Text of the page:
Amazon burning in 2019 was bad, but nowhere near as apocalyptic as MSM would have us believe
Far from the apocalyptic headlines depicted in the mainstream media frenzy, it appears that the Amazon may not be doomed just yet. While there was a small increase year-on-year between 2018 and 2019, the number of fires in relation to the national average over two decades was only slightly up.
Changes in climate conditions, regulations as well pre-existing deforestation and degradation all play a role in how prolific the Amazonian fires will be in any given year.Also on rt.com World is literally a greener place than it was 20 years ago, according to NASA data
According to a recent paper published in the Remote Sensing journal, the Amazon saw some of the smallest increases in burned area compared with the yearly average.
The ESA's Fire Climate Change Initiative or CCI project analyzed burns across South America in both 2018 and 2019 and compared them to the yearly average data available from 2001 to 2018. The total area burned across South America was 70 percent higher in 2019 than the previous year, but only slightly above the average of the preceding 17 years.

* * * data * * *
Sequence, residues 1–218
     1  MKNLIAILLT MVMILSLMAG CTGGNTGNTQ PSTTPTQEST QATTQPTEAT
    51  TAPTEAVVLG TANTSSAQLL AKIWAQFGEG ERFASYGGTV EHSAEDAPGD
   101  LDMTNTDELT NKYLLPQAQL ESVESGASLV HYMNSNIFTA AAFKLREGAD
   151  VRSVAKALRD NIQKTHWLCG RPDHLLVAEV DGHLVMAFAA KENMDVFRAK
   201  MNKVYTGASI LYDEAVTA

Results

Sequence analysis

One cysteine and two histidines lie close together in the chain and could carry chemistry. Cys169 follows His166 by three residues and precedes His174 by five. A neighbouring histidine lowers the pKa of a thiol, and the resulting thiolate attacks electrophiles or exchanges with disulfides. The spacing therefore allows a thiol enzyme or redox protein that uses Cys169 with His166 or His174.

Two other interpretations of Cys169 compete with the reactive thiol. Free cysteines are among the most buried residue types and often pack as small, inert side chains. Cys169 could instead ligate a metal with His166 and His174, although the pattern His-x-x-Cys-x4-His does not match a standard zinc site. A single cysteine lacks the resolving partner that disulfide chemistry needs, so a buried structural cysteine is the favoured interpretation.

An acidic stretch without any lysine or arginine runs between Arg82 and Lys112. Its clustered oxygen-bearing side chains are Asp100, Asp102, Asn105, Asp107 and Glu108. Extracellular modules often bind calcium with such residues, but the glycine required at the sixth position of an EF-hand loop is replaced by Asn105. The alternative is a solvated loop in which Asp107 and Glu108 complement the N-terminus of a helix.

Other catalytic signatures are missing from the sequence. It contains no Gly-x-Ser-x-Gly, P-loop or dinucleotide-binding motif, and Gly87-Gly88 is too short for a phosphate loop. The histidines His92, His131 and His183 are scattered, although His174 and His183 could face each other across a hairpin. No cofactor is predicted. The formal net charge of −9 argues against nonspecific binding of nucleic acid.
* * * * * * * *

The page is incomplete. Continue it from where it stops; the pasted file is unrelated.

While obviously still cause for concern, Brazil’s total burn area in 2019 was only 1.7 percent higher than the long-term average, despite all of the breathless and apocalyptic headlines.
Meanwhile Bolivia and Argentina saw increases of 51.4 percent and 49.4 percent respectively, compared to their yearly averages.
“Studies such as these are important to quantify and monitor fire activities in places such as the Amazon. However, they indicate the importance of long-term data series and studies using higher resolution sensors, such as the Copernicus Sentinel-2 multispectral instrument, to detect fires,” says Emilio Chuvieco, science leader of the Fire CCI project.
The ESA’s Fire CCI project takes a longer-term approach to issues like historical burning, fire management in general as well as to emissions analysis, to better establish and understand trends rather than focusing on localized, short-term events.
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